pine litter with chlorophyll? how about corn cob?

Discussion in 'Quail' started by lauramacf, Nov 1, 2009.

  1. lauramacf

    lauramacf Out Of The Brooder

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    Dec 27, 2008
    Webster Groves
    Hey all, I just got 8 new jumbo hens and they are in a big cage in my laundry room, quarantined for the month before I move them in with 2 boys we already have. I was using cedar shavings for the boys (whose cages have a wire floor, the shavings underneath in a tray), but I just saw that Monarc advises against cedar shavings for quail in her wonderful sticky info on this board (for respiratory reasons). The girls are being housed in a large cage with no wire floor, they are just directly in the tray with the bedding (and they really love rooting around in it, I'm thinking of switching from a wire floor for the boys, I feel like they are missing out, and they get frustrated when their treats fall through). But the cedar shavings have to go.

    So we need to clean up the hens' cage and I sent my husband to get pine shavings and corn cob bedding. He came back with pine shavings that have chlorophyll added, and I'm clueless about whether this is okay. As long as I'm asking, what about corn cob? The new girls are 4-5 weeks old. Any advice on the matter is appreciated.
     
  2. Akane

    Akane Overrun With Chickens

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    Jun 15, 2008
    I prefer not to use the weird pine shavings with lots of stuff added that they sell in petstores but I don't think it's unsafe. I probably wouldn't use corn cob since they'd eat lots of it. Shouldn't be dangerous but it lacks any useful nutrition. They need to be eating their poultry feed instead of the bedding. Try getting shavings at a feed store with livestock supplies. They often have bags that are 2-3 times bigger for half the price of the stuff you get at pet stores or other places that have pet supplies.


    Cedar shouldn't be used around any animal. Not just quail or chickens but all small animals, livestock, etc... It causes lots of health problems beyond respiratory. Personally I don't think they should even sell the stuff like they do and definitely not marked as animal bedding.
     
  3. lauramacf

    lauramacf Out Of The Brooder

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    Dec 27, 2008
    Webster Groves
    Thanks for your response! We'd used the corn cob before and I thought it did a good job as an odorless absorber, but the birds didn't come into contact with it much (being on wire above it), now that I've got birds in the litter I've got to be more cautious.
     
  4. Emilys3guppies

    Emilys3guppies Chillin' With My Peeps

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    Jun 1, 2009
    Toronto
    Good advice so far...make sure to avoid pine and cedar.

    But aspen shavings are fine. They lack the phenols and acids that make pine and cedar poor choices.

    I also use hemp bedding, when I can get it for a good price, or Yesterday's News bedding.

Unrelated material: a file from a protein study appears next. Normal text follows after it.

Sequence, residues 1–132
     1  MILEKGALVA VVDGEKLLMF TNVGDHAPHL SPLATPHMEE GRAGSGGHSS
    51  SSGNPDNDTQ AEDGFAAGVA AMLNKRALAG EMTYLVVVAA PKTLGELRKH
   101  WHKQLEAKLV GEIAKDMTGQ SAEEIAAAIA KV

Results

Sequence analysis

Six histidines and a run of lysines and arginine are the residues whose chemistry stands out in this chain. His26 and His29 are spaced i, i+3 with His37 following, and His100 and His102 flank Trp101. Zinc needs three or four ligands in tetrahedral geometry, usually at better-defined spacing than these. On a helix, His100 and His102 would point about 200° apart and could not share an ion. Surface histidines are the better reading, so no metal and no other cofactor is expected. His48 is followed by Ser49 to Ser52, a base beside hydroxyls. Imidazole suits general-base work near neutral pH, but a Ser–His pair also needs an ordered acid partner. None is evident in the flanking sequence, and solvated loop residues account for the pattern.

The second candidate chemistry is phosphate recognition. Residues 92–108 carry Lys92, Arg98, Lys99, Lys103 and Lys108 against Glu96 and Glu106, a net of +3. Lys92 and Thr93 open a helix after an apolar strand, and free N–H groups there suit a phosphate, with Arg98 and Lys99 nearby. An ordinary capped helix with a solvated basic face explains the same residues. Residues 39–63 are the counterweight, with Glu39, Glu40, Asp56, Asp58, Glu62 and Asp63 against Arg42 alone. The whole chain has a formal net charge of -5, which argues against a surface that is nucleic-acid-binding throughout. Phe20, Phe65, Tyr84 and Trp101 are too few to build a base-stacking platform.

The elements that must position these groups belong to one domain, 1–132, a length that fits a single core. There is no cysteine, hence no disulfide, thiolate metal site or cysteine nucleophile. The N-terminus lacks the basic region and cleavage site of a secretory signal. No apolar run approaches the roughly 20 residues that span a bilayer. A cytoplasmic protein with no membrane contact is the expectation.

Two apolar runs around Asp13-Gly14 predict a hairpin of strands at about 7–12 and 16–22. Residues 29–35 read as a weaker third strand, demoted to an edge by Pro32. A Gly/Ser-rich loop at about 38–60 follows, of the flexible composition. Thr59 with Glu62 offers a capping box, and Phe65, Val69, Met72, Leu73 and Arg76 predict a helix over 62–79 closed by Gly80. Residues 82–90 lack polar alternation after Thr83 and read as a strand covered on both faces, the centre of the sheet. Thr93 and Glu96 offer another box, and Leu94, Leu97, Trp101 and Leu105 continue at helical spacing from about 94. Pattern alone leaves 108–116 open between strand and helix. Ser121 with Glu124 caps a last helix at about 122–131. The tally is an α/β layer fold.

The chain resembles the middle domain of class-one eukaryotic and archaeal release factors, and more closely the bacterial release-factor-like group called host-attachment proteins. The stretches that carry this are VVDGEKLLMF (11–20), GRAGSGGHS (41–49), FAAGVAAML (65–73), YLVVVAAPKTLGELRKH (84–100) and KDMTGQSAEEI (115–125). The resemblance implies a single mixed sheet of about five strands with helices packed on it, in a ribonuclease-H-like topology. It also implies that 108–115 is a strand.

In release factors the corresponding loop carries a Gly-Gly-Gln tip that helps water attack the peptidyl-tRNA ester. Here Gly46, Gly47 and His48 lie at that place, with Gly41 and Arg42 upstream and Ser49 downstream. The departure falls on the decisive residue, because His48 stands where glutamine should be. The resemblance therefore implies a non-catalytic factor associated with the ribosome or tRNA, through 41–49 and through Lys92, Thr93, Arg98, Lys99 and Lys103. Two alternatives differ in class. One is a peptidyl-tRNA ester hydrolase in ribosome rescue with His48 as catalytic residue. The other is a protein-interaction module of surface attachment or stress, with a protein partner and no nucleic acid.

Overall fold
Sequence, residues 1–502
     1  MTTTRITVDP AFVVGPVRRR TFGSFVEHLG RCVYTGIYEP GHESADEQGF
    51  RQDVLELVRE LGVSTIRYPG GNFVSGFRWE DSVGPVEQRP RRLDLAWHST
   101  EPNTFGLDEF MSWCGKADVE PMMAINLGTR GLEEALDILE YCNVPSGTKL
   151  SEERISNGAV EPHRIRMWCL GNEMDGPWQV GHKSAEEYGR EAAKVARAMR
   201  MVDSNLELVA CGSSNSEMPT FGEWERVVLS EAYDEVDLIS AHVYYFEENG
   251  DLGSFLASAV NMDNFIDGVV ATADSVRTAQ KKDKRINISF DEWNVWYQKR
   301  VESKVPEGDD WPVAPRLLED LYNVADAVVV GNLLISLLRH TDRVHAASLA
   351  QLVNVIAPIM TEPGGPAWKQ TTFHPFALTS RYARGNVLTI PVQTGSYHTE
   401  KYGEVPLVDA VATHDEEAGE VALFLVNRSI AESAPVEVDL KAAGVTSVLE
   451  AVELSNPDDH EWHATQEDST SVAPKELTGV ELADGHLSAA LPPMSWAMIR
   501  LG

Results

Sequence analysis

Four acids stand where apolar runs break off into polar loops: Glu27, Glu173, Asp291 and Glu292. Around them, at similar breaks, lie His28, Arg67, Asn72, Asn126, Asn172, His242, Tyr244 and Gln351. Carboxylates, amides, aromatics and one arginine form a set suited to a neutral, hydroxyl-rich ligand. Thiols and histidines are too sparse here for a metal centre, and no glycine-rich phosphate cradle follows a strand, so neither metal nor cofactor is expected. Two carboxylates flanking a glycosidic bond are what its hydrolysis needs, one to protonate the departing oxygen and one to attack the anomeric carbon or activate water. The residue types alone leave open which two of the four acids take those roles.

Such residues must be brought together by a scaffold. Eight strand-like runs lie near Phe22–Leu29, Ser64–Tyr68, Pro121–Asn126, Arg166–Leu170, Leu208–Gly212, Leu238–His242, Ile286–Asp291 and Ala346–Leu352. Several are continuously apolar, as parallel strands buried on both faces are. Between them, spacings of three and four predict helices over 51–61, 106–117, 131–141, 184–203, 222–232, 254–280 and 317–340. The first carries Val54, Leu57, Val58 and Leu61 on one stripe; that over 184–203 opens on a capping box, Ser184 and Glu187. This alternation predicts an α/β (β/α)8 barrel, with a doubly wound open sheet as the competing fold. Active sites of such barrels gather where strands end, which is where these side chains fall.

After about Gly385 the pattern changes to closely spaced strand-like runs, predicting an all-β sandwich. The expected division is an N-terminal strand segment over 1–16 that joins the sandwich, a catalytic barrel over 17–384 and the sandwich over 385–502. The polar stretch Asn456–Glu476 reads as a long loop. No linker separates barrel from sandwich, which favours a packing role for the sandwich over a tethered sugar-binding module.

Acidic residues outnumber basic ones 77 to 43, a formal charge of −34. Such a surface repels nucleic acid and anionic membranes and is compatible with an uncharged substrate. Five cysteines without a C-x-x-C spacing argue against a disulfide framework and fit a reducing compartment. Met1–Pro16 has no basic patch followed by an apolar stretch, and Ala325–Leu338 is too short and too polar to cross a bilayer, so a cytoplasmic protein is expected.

5. farrier!

    farrier! Chillin' With My Peeps

    Feb 28, 2009
    Southern Illinois
    My first choice will always be wire. Quail are not the cleanest if left on their own... [​IMG]

    I even have the brooder on wire. Tiny wire but wire.
     
  6. canter6

    canter6 Cooped up

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    Oct 12, 2009
    Dacula,GA.
    Any way I can get a look at a wire bottom brooder?

    I really want to build one.
     
  7. farrier!

    farrier! Chillin' With My Peeps

    Feb 28, 2009
    Southern Illinois
    Quote:Sure... [​IMG]
    I am a bit slow with pictures but I will try for later today...after getting hay...and more feed.
    I am also finishing off a bigger button cage today. It is done the same way except for 2 openings in the front for plexiglass.
     
  8. Rainsong

    Rainsong Out Of The Brooder

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    Oct 12, 2009
    Beaverton, OR
    I would worry about impaction with corn cob, honestly. It happens in small critters kept on corn cob. I've been told they pick and munch, and it swells when it gets wet.
     
  9. Akane

    Akane Overrun With Chickens

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    I don't think the risk of impaction is the same. A chicken does not digest things the same. There is something else I'd forgotten about corn cob though. It molds extremely easy. Get it wet at all and it will be moldy by the next day. If they eat this moldy corn cob they could get poisoned and even die.

    Hardwood shavings like aspen may be safer but aren't as good of bedding. Not as absorbent, tend to be somewhat sharp, stick to things, track all over easier.... I hated them. Pine shavings can be safe. They do contain some of the same volatile oils as cedar but in much lower amounts. Kiln dried pine has even less so is often used for small pets but it's sold in rather small expensive bags. What I do is immediately cut open every new bag of pine shavings and let them sit for a week until the pens need cleaned. The oils will evaporate. If you really want to do a good job dump the shavings into a few rubbermaid containers or similar and set them in the sun to cook. Stir occasionally to expose it all to the air. You can get pretty close to the kiln dried shavings doing this. If your cage has good ventilation that should be more than enough to make the pine shavings safe. You can also use pine pellets which have been extremely treated with heat and pressure. Nearly all the oils are out and they are highly absorbent. When I had 200 coturnix quail (never raising that many again) pine pellets were the only thing absorbent enough to not have the cage turn into a solid mass of goo.
     

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